The Secret Process of Selecting a Bishop


Michael Sis has been the bishop of a diocese spanning 29 west Texas counties since January. Originally from Bryan, the bishop served several years in campus ministry at Texas A&M and as the priest of several parishes in Austin before taking his post in San Angelo at the beginning of the year.

At a Rotary Club meeting on Friday, bishop Sis gave a little background on himself and answered questions from curious attendees as to how he ended up as the man who oversees Catholic faith life in the region.

“You don’t put in for being a bishop,” he said. “You don’t apply, there’s no application, there’s no course of studies that you would take with that intention. Basically, there’s a selection process where the church identifies priests all around the world who might make a good bishop.”

In each country, Sis explained, a papal nuncio serves as the link between the bishops of that country and the Vatican. The nuncio is asked to submit names of priests that might make good bishops, and after a thorough vetting, submits the names to Rome.

Part of vetting potential bishop candidates, Sis said, includes sending out confidential questionnaires on the candidates regarding his virtues, intelligence and pastoral skills. The nuncio then makes a dossier and sends it to the congregation of bishops in Rome, who also do their vetting.

When a bishop position opens up, the congregation of bishops selects three names from those they’ve received and submits them to the pope. The pope will either select one of those names, reject them all and ask the congregation to submit others, or select someone himself, who may or may not be on the list, Sis explained.

“At some point that process happened without my knowing it, and he decided it’s going to be Mike Sis from Austin. So he calls the Nuncio in Washington and he says, ‘Alright, the new bishop in San Angelo is this Mike Sis guy in Austin. So the Nuncio has to call me.’”

Sis recalls the day he received the call vividly, and, not absent humor, put on a thick and elderly Italian accent as he recounted the tale to the Rotarians.

“So he calls me on December 2nd, 2013, 2:45 p.m. I’m in an appointment, and so he gets my secretary. So she taps on the door. ‘Uh, uh monsignor Sis, it’s the papal nuncio on the phone,” Sis says, mimicking the nervousness in the voice of his secretary at that time.

“So I had to tell the guy I was meeting with, ‘You have to, we’ll have to meet again later’. So I pick up the phone."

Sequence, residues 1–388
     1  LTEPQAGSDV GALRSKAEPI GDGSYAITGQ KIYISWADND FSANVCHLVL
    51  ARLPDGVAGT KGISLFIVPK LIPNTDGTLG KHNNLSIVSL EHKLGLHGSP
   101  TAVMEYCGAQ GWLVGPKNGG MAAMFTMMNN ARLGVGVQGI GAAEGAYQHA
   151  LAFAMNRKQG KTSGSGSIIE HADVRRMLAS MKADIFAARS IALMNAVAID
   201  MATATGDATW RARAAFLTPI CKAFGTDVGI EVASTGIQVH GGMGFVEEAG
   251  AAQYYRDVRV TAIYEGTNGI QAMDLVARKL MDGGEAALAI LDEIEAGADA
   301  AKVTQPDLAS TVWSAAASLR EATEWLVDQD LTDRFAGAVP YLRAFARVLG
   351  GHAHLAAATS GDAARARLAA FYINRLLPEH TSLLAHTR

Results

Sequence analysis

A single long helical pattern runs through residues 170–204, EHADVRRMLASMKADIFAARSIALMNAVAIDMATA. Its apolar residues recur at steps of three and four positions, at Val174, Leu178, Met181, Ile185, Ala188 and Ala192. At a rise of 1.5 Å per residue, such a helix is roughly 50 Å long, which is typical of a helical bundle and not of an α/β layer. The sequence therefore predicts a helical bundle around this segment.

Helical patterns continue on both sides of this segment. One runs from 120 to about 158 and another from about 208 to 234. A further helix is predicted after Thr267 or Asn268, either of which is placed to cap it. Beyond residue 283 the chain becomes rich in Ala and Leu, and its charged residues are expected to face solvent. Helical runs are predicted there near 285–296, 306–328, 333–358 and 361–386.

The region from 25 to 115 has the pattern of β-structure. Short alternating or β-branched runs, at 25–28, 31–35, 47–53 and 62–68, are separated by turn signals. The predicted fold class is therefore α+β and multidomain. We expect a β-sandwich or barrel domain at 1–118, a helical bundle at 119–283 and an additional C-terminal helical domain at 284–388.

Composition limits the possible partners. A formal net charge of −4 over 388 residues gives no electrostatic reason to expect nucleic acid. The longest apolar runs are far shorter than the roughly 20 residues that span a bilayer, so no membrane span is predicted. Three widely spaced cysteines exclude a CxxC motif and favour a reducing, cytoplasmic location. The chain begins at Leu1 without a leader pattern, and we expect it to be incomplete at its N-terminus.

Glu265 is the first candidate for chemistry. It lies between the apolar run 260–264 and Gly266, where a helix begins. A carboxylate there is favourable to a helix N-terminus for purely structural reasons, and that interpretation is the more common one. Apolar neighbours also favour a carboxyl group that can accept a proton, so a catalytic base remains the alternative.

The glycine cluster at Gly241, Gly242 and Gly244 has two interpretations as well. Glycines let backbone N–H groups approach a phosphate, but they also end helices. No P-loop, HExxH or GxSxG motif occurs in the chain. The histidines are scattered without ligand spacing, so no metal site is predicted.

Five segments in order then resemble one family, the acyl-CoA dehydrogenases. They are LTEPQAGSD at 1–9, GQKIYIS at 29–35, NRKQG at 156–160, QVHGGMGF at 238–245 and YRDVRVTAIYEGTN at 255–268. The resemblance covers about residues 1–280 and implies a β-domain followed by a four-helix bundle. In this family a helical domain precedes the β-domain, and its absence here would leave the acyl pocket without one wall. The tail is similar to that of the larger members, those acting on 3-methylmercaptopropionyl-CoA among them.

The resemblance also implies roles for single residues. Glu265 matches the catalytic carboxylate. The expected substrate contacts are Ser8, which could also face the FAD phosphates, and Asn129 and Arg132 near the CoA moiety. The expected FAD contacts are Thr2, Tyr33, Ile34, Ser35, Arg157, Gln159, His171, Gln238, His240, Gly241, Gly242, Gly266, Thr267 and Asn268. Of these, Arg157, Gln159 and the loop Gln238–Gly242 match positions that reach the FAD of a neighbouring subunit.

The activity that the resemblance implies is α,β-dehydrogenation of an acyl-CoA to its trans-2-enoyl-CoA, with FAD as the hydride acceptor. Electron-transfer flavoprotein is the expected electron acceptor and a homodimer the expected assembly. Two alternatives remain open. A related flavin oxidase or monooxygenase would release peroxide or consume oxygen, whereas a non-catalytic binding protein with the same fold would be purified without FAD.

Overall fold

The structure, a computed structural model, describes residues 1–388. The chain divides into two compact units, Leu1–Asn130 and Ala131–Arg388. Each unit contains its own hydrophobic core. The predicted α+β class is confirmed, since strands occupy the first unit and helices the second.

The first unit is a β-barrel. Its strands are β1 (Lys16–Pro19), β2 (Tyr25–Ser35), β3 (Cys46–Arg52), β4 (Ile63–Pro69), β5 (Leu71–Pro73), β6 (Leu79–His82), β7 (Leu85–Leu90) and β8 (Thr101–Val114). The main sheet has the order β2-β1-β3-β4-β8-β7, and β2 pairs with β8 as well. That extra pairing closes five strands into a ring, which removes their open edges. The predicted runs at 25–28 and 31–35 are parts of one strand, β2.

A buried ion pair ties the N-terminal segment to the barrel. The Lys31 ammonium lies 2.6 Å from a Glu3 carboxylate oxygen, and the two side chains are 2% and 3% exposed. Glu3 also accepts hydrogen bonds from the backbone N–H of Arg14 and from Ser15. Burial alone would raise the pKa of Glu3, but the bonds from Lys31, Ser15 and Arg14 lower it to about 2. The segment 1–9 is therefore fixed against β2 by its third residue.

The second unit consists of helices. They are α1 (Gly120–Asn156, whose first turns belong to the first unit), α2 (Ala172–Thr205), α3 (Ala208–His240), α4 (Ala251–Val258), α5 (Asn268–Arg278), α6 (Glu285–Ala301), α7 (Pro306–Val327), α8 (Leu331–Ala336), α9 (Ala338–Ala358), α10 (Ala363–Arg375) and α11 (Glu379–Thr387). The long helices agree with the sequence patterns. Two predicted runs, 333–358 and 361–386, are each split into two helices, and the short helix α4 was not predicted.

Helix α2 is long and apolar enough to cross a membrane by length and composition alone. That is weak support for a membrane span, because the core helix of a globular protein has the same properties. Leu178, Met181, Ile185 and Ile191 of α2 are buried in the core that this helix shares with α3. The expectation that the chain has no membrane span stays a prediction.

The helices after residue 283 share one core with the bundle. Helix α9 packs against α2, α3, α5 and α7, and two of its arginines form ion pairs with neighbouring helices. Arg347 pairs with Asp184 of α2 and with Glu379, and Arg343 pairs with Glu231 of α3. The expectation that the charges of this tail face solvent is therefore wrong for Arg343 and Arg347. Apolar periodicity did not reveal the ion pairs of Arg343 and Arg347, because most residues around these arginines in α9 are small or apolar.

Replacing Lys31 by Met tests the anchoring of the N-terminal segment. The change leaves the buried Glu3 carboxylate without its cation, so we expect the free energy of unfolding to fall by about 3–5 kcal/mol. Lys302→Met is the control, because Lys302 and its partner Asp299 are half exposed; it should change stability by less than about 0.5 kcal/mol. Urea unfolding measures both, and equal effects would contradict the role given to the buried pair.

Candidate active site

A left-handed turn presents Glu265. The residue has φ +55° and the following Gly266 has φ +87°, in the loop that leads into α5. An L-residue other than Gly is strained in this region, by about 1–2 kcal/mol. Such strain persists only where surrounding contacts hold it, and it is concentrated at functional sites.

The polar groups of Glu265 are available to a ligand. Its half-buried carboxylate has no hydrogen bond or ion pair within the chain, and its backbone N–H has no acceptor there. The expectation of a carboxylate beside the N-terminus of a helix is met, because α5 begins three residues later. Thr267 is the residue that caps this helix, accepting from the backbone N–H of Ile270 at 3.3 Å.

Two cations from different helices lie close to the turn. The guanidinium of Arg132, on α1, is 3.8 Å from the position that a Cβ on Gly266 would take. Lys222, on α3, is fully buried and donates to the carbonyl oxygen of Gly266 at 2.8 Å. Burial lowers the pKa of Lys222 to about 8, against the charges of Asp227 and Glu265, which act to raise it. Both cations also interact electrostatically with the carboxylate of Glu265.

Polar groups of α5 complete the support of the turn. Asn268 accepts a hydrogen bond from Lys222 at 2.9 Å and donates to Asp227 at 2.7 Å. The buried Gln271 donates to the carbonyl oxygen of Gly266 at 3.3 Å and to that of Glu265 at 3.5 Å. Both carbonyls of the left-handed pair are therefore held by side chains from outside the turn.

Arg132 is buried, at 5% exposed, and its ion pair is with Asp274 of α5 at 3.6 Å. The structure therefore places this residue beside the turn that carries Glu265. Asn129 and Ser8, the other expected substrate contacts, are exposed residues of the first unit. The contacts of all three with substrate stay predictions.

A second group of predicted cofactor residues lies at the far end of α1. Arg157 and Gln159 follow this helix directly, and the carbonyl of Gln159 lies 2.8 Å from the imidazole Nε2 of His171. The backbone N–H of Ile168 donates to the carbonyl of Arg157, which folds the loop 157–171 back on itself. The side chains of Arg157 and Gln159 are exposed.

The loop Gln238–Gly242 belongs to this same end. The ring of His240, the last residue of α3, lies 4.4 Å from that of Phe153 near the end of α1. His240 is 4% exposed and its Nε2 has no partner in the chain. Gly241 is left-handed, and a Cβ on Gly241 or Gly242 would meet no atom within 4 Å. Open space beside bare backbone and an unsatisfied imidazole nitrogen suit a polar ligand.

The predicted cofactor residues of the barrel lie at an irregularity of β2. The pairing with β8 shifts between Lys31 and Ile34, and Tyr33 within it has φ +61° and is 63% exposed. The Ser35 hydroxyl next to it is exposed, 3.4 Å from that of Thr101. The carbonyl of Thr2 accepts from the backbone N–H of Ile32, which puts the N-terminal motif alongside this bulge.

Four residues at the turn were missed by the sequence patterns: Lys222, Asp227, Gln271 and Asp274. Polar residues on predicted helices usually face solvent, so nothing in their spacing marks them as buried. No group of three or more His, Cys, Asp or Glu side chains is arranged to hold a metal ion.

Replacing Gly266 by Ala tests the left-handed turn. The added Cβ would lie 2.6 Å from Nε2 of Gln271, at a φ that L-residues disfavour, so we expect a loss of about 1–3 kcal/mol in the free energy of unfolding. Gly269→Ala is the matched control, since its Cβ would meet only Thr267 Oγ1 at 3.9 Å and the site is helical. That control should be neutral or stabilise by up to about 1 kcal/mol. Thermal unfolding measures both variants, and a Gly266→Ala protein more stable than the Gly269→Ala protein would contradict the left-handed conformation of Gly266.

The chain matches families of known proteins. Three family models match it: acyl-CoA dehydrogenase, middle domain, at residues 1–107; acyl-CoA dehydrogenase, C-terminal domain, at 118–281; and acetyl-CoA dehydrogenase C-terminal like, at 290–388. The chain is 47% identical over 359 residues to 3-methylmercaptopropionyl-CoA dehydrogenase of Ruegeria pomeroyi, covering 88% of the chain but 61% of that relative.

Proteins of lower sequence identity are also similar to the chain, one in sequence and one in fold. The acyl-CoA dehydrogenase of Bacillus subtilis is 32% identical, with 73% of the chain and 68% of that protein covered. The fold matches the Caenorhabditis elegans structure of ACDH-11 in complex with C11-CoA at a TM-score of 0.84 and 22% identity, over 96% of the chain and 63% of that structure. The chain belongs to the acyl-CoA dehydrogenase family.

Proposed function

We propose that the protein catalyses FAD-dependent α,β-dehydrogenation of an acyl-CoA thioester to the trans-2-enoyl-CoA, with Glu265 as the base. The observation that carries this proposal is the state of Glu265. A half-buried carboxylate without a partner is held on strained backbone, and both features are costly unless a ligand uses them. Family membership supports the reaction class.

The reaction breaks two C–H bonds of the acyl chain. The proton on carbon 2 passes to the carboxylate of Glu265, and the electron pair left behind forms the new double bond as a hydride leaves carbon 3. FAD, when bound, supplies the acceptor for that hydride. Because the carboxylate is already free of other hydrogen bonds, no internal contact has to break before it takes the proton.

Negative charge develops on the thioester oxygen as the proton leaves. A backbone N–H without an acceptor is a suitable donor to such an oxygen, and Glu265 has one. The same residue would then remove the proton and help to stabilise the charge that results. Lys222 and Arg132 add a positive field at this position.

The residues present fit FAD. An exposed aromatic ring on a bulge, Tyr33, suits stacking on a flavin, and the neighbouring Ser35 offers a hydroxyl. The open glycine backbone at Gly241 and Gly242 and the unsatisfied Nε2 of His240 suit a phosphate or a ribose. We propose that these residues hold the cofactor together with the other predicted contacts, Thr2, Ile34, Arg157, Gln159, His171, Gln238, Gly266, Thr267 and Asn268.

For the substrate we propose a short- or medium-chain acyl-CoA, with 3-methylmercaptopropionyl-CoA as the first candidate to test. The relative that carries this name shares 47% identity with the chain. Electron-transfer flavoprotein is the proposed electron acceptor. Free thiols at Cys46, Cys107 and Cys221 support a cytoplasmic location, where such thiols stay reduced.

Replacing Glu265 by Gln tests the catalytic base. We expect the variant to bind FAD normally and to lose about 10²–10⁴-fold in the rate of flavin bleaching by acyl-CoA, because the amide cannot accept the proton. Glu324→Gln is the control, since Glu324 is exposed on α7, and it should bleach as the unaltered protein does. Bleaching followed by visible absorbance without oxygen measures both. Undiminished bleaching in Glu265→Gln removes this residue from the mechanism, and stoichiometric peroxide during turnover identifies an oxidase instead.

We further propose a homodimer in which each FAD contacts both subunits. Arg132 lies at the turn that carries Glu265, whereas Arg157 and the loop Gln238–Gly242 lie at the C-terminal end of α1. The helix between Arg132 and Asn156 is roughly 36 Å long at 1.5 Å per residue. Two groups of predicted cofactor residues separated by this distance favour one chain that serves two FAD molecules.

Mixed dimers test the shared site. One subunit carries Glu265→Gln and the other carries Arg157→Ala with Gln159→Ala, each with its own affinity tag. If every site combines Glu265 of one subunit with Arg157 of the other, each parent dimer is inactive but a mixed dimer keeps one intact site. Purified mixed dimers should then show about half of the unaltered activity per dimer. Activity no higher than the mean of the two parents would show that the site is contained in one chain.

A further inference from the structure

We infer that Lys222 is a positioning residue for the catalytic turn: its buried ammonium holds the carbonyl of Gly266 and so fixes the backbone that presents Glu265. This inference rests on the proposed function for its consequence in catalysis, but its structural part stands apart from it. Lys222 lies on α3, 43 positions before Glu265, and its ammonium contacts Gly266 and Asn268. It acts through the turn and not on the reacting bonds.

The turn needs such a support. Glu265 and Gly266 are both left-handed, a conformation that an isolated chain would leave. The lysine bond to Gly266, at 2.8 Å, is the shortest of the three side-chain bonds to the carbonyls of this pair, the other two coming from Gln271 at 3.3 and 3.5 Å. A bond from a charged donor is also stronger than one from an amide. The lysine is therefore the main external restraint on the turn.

Hello, is this monsignor Sis?” the bishop recalls in a fairly accurate and dramatized accent.


How is your health?”

“It’s good,” he says nervously. “I’ve got good health.” 

Good, good. The holy father has decided you will be the next bishop of San Angelo.”

“And then he says, ‘Do you accept?’”

Laughter breaks out as he continues, “What do you say? It was a shocker. What do you say? Do I accept? And I said, ‘well, can I think about it, can I pray about it?’”

“He says, ‘yes, call me in the morning. Call me between 8 and 9 in the morning’. So I had a little bit of time.”

The decision to accept the post was not easy, Sis said. He knew the job would be tough and he wanted to be sure he could do it right. The territory for his post stretches from Brownwood to Andrews and the New Mexico border, the Mexican border near Big Bend, Sanderson, and over  Junction, and on up to Abilene. 

Approximately 65 faith communities are included in the expanse—some of them very small—and cities such as Midland/Odessa, San Angelo, Abilene and everything in between are included.

Following the call from the nuncio, Sis phoned his spiritual director to seek guidance on making the decision. Bishop nominations are to remain confidential until a formal announcement is made, so Sis couldn’t even call his family and ask for their input. The only other call he made at that time, he said, was to bishop Joe S. Vasquez, who had lived in San Angelo and could offer him sound advice.

“The next morning, I was doing my prayers, and there’s some prayers that we do called the office of readings,” Sis said. “So we read all these ancient readings from 2,000 years of history…I was reading one by a guy named Frances Xavier…he had grown up in Europe and…he felt at a certain point that maybe he was being called to go be a missionary in India. 

“He wrote this little reflection…he says, ‘too many people are comfortable just getting an education and taking care of themselves. Not enough people in this Christian world are willing to use their education to help people in most need. He says, ‘Lord, I’m willing to go wherever you call me to go, even to India.’ And I’m thinking, ‘wow, maybe I should say even to San Angelo.’

“That was a very key moment for me,” Sis said. “And plus, I had to call the guy between 8 and 9.”

On Dec. 12, Pope Francis named Michael Sis the bishop of San Angelo. He was ordained at a ceremony that drew hundreds of Catholics from all over Texas to the Junell Center on Jan. 27.

“…we did this big religious ceremony with all these priests and bishops and incense and candles and we did this in a basketball arena,” Sis recalled excitedly. “It was awesome.”

Michael Sis grew up in Bryan with a father who was a professor of veterinary medicine at A&M and a mother who was a medical transcriptionist. Both still live in Bryan, he said, and after graduating from Notre Dame and spending five years in Rome studying theology, spent a significant portion of his career building a campus ministry at A&M from St. Mary's Catholic Church at Northgate in College Station.

He has served as a priest since 1986, holding various positions at parishes, and now spend approximately 60 percent of his time in San Angelo doing administrative work and 40 percent of his time visiting faith communities in his diocese. 

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